If sheer drama is what you crave on TV, look no further than the tale of a fearless mother at the far edge of South America.
She is a puma and this big cat repeatedly launches herself over and over at a llama-like creature more than three times her size, desperate to get meat for her three pups.
Repeatedly, she is flung into the air like a rag doll and injured. But she does not back down. When she finally manages to fell a guanaco, more than just her children cheered. So did the filmmakers.
“We could almost have cried we were so happy that those cubs had some food,” said Chadden Hunter, a producer and director who was part of a team that followed the puma for weeks. "It was incredibly emotional. We’re not coldblooded filmmakers.”
That rare footage is one of the highlights of “Seven Worlds: One Planet,” a new seven-part documentary series airing on BBC America, AMC, IFC and SundanceTV. David Attenborough provides the narration. The series premieres Saturday at 9 p.m.
Each one-hour episode highlights one of the seven continents, tracing how they formed and how life evolved to live in them. The series was four years in the making, with filmmakers exploring 40 different countries and bringing back more than 2,200 hours of footage.
Front and center, of course, are fabulous animal sequences — the filmmakers like to use the term “stories” — but the topic of climate change also gets plenty of airtime. It's part of the narrative this time as opposed to being an afterthought.
“This may be the most critical moment for life on Earth since the continents formed,” Attenborough says in the opening. In the Australian show he warns: “Which of its unique species will survive the coming decades now depends on us.”
Emma Napper, a veteran documentary-maker who previously worked on the series “Planet Earth II” and “Life,” said she and the filmmakers this time felt they had no choice but to discuss human activity like deforestation, dams, pollution and climate change.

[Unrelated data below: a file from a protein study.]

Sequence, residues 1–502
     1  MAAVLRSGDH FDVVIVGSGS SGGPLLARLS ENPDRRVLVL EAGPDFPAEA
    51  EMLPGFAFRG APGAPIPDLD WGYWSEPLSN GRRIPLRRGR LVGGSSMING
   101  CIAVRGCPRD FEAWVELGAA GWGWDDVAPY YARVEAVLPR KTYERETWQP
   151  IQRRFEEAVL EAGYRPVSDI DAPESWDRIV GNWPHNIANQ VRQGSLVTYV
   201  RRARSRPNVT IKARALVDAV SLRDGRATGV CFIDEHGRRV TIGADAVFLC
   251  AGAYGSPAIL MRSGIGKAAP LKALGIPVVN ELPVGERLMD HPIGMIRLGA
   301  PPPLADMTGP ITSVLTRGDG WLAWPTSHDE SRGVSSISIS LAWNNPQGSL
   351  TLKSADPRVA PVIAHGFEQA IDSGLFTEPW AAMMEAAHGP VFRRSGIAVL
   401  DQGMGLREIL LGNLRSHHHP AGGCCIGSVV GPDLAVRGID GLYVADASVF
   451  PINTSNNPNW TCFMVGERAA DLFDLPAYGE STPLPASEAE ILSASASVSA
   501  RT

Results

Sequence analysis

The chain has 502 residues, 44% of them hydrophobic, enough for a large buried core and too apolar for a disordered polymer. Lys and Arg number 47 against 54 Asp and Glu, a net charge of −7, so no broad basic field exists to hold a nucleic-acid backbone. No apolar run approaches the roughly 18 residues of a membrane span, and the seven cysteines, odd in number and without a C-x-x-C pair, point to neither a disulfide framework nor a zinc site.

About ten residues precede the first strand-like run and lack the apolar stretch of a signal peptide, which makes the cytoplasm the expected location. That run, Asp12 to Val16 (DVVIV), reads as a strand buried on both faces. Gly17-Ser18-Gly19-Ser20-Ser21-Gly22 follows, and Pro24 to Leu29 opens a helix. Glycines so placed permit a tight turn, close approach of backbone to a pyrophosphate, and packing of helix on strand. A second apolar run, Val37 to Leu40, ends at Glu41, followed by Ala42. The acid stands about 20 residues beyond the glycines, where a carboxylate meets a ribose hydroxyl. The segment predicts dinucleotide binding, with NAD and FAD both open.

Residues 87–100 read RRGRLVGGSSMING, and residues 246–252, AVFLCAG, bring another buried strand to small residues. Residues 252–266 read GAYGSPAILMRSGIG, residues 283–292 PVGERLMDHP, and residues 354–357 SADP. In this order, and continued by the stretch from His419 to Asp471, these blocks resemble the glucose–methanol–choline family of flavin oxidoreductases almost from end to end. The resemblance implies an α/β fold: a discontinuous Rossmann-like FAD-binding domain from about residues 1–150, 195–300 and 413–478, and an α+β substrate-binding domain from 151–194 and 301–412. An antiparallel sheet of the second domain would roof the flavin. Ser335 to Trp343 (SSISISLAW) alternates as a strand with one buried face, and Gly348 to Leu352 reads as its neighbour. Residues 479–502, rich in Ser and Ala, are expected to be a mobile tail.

“We all felt very strongly it was not only important and timely but you couldn’t really tell the story of the continents without mentioning it. That would be crazy,” said Napper, who produced the Asia and Australia episodes of “Seven Worlds: One Planet.”
Executive director Jonny Keeling said framing the series according to continental change gave the filmmakers the chance to explain how animals have adapted to changing environments over millions of years. It also revealed how those adaptations have become stressed during a single human lifetime due to mankind’s actions. “We are rewriting the rules,” Keeling said.
In a nod to current events, the series scrambled its lineup to start with the Australia episode in the wake of devastating fires there. The show will also inform viewers how they can support relief efforts.
Hunter, who worked on the original “Planet Earth” some 14 years ago, noted that it contained no mention of conservation. “We can’t get away with not bringing that into the story now. We can’t pretend that the world is pristine jungles, mountains and forests any more,” he said.
The trick now is to find a way to weave in proof of human-created consequences without being preachy. “It’s finding that deft touch. We’ve got to still keep people's awe and wonder about the natural world but find a way to wake them up as well,” Hunter said.